Monday, January 24, 2011


By Maria C. Ferrer

Years ago, I did a workshop with one of RWANYC’s Founding Mothers, the late (and great) Kathryn Hayes*. We called it “Paper Dolls” because we gave out paper cut-outs of magazine photos—women and men. From these “paper dolls” workshop participants were encouraged to develop a character. Like Mister Geppetto, they were to create a ‘real’ person.

It was amazing to see what writers focused on. For some it was the eyes; for others it was the clothes; and yet others focused on the attitude of the person in the picture. The backgrounds for these characters were as wide, as they were varied.

I still play Paper Dolls. In fact, that’s were a lot of my story ideas come from. A picture. A face.

I always start with a character. It just happens that way. For example, I was looking through last month’s Cosmopolitan magazine and saw an ad for hair coloring. In the ad, the Lady proclaimed that “she was worth it.” The slogan and the woman’s face triggered a story and my Paper Doll came to life. For the past three days, she headlines the marquee of my creative mind.

I can see her in front of her bedroom mirror. Naked. Taking stock of the merchandise and bemoaning the fact that she has hit the Big Four-Oh, and how her life seems to be heading south – her age, her sex life, her curls, but worse of all, her boobs. Her boobs facing south really get to her. Can't you just see her? The beauty, the grace, the frustration.

But my Paper Doll has spine. She is going to think positive. There has to be something positive about turning 40. Right? 40 is the new 30, right? (“Who said that? Is it true?!”)

So she’s thinking positive. Great things about turning 40:

• Closer to menopause and no more cramping. (“Woo hoo.”)

• The shutting down of the baby machine. (“One was more than enough, Thank You.”) [She made that clear as I was typing this post!]

• Closer to retirement. (“It won’t be much, thanks to those damn politicians, but, hey, every penny counts!”)

• Perfect age to become a cougar. (“Hmm!”)

And so the story begins.

How do you start your stories—with a character or a scene or an emotion? Let us know.♥

Maria Ferrer enjoys playing Paper Dolls and What-if? Visit her at and at

*Kathryn Hayes was a Founding Mother of the RWA New York City Chapter.  She sold her writings to numerous publications, and wrote children books under the name of Kathyn Hitte.  Kathryn also mentored many a Chapter Member since 1989 until her death.  RWANYC’s annual contest carries her name—Kathryn Hayes Love and Laughter Contest.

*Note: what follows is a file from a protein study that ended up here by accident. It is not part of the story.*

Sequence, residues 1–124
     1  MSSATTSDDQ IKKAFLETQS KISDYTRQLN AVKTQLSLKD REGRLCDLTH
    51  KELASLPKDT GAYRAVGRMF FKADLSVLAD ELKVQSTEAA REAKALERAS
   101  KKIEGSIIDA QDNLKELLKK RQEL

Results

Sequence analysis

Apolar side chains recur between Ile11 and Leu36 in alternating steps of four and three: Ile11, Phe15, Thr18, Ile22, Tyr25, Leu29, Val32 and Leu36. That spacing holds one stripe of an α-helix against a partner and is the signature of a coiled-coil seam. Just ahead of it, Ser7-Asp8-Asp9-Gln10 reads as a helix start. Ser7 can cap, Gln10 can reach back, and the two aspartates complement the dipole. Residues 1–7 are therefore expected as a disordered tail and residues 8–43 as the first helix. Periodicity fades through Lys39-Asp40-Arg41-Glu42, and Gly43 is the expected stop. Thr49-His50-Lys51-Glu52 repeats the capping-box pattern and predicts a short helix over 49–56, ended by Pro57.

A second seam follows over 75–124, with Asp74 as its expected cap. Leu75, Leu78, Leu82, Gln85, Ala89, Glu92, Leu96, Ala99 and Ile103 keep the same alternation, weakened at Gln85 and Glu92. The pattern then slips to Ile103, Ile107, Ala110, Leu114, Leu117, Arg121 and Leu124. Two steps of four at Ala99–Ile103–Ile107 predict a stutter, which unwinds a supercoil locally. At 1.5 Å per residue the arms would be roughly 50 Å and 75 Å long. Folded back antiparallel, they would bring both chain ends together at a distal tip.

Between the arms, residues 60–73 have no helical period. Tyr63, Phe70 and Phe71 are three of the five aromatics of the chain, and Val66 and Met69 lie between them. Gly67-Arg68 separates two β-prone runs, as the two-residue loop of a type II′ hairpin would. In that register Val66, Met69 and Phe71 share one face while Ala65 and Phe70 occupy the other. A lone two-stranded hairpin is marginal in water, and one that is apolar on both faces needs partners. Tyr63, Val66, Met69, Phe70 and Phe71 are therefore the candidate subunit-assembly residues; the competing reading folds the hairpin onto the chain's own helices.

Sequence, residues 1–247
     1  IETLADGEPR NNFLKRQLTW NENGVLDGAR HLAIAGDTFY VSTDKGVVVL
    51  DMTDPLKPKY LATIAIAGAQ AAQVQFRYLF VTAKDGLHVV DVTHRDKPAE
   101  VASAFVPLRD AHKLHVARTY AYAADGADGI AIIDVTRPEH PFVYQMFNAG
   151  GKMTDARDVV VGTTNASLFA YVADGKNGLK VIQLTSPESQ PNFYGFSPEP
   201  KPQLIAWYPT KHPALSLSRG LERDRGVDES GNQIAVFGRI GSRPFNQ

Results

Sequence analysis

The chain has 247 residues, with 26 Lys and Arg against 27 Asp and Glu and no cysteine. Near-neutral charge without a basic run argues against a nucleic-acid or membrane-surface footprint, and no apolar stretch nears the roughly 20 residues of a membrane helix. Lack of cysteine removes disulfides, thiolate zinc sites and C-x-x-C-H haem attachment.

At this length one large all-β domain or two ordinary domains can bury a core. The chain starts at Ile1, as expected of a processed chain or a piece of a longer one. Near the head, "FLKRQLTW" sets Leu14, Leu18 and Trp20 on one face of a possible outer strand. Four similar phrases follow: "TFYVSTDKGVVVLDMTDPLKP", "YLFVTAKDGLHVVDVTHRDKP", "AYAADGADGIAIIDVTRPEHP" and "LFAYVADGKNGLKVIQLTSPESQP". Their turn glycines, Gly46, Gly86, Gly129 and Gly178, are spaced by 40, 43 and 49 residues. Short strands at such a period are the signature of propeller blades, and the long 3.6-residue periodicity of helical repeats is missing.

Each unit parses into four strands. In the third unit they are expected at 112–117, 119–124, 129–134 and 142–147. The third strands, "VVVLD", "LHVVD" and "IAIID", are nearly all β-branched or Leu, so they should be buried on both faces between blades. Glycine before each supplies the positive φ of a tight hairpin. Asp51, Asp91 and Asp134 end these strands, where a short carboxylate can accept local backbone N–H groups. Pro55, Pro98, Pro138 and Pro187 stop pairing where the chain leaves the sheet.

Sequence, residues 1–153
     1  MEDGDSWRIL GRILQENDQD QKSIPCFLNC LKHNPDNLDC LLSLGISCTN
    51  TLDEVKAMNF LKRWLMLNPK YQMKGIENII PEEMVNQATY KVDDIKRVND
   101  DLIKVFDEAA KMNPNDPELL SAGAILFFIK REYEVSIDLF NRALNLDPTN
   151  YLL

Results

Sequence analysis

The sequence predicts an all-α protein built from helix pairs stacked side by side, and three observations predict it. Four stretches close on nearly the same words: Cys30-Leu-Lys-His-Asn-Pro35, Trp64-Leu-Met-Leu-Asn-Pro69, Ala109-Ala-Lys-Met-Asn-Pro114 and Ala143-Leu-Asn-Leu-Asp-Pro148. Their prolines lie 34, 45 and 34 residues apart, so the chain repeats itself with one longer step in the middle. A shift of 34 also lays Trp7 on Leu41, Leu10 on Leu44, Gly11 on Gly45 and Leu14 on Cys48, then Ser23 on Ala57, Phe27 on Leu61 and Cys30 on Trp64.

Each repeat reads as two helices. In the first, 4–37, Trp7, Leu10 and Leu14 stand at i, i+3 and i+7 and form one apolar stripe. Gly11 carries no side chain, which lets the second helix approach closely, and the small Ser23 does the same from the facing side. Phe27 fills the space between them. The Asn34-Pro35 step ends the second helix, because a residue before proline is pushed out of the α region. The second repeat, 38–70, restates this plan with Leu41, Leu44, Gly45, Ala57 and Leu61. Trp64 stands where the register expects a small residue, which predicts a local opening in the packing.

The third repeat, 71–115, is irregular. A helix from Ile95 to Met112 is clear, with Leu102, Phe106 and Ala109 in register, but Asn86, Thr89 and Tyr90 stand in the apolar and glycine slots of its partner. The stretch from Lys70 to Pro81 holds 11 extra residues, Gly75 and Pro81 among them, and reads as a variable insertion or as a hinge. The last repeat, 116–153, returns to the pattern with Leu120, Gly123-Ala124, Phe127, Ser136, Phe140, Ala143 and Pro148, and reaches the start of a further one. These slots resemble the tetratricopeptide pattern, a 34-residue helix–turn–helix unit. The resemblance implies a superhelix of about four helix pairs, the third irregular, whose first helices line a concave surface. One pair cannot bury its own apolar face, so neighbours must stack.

1. What a marvelous idea-paper dolls. I loved playing paper dolls as a child. Now I can enjoy playing with them in a whole different way.

  2. What a teriffic idea! I get story and plot first; characters come second. And right now having a tough time nailing down a couple characters. Now I can't wait to get home and flip through some magazines to see what jumps out at me. Thanks for the great tip.

  3. I like the "Paper Dolls". I remember playing with paper dolls as a little girl and making up stories for them. Guess it's no different in adult hood, which makes me happy.
    Each of story ideas come at me differently whether a picture or word even a dream. Just have to be open to them.

  4. I remember that presentation. I also remember the storyline I came up with that day. Still haven't finished that manuscript. But, you're right; this is a great way to come up with ideas for books!

  5. Glad to know that others love Paper Dolls as much as I. Happy Writing, Ladies.

  6. I can honestly say that my stories come to me in a number of ways. But a great percentage of them come through a character that pops into mind. Perhaps because I've gotten a glimpse of a handsome man on the subway, or an intriguing woman with a unique fashion sense on the street. Maybe I spot someone who has that thousand yard stare looking at me in the elevator. It gives me the chills and I think, "hmm, what would my heroine do?". Sometimes it is a name that is too perfect or a line - in a very distinct voice - that, when I hear it, conujures up with it a classic character. I love seeing pictures - both of people and places. I collect "paper dolls", too, and pictures of terrific locales, houses, rooms - esp. bedrooms - that I think will make a fab background for a story that, someone, begins to coalesce as I study the photo.

  7. I remember your "paper dolls" presentation at the chapter meeting, too. It was fun and really got the creative juices flowing!


  8. This works for me, glad I'm not the only one. I go through lots of magazines to get faces, hair styles and clothes for my main characters. Then I usually put together a scrap book of people and places, helps with description.